Superpitcher was monstrously awesome in New York last Thursday. I’d not figured him for such a DJ after seeing one good but not especially distinctive set and hearing little of his deck rep prior, but wooeee! Last time here he was pretty tracky and minimal, but this time he hit it hard, getting that hair down in his eyes and making people dance. After an hour or so of syncopated techno, there was a long stretch of stomping schaffel stuff, really noisy and hard and immersive—what Geeta nailed as "Transylvanian disco." I wish I knew/remembered more of what he was playing at that point—Blackstrobe’s “The Abwehr Disco” was one he got especially crazy with—but toward the end he mailed out a hot Kompakt love letter by way of a few biggies: Michael Mayer’s lick of “Happiness” into the DJ Koze remix of Reinhard Voigt (my favorite track on Komapkt 100, as it were) into a weird remix of his own “Baby’s On Fire” Eno cover…this one was reduced to nothing but the bassline, Superpitcher’s sexy vocals, and a few distant handclaps…which locked into the tick-tock tack of “Timecode” to great effect. All of this sounded grand played loud at Ikon, a good space I hope plays home to more stuff of the like.

And, you know, as an aside to those out there who claim that New York sucks…you’re wrong. After getting back from Berlin (pics of which soon when I figure out how) I decided to pretend, as a thought experiment if nothing else, that NYC shouldn’t be embarrassed in comparison. It’s worked. Last week alone saw Derek Plaslaiko, Mike Servito, James T. Cotton, and Matthew Dear; Superpitcher and Ada; and a small but on-it crew at a fun We Are Robots party at Café Deville. The crowds aren’t huge and the venues aren’t ideal, but this music is alive and happening here. Quit bitching and listen!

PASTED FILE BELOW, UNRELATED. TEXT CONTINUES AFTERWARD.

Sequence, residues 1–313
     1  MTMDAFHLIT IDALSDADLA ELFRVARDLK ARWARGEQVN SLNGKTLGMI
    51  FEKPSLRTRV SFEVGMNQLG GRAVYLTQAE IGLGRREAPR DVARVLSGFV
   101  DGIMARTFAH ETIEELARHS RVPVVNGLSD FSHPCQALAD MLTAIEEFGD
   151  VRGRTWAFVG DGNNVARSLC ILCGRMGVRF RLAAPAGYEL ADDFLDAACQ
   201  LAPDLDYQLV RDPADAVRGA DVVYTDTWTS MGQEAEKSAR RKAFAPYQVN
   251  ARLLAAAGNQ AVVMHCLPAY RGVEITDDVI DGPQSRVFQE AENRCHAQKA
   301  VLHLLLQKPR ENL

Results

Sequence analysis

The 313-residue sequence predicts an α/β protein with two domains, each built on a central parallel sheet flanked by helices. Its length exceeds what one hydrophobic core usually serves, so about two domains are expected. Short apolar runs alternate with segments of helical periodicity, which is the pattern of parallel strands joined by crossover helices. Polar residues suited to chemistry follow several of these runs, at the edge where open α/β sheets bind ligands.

Wednesday, November 10, 2004

And so Maggie went screaming into a field of hi-hats, gravity transposed, heels written out of the equation. Her eye couldn’t help but twitch. Below her a bassline responded in a different slice of time. “You get what you get.” Outside the bridge she’d crossed wiggled, its suspension twisting free. Sensation fanned all around. She knew it wasn’t hers to have; the contract she’d signed was binding but not to a name. “You are who you are, whenever.” The idea of minutes struck her as slapstick. Foibles held close their charms. The idea of ideas… She checked in on her fellow patients, saw their gowns lift above their knees. The light was phosphorescent, glorious, embarrassing. Surely there was a word to express embarrassment as a sort of proud unworthiness, an acknowledgment of smallness itself as high as aspirations could ever hope to scale. Tsk-tsk-tsk-tsk. She shook off aural dust. “Wipe that dirt off your shoulder,” was how they’d said it in a different time. Maggie and her hand reacquainted. The steel around her shone. It was time for another breeze. She sipped at liquid, one vessel to another—Plato’s playthings trading duties. She’d underappreciated times like these in that different time, not appreciated them at all. It was a new moment for memes to stand up and be counted. “None of this is unreal!” The DJ floated between records, weaving at a loom. From the corner of her eye he spun a thread. It circled, surrounded, cinched…

Thursday, November 04, 2004

Here is a picture of techno I took on a train from Switzerland to Germany.

Wednesday, November 03, 2004

If you happen upon this from another country, I'm really sorry. A lot of us are. Not enough, but a lot.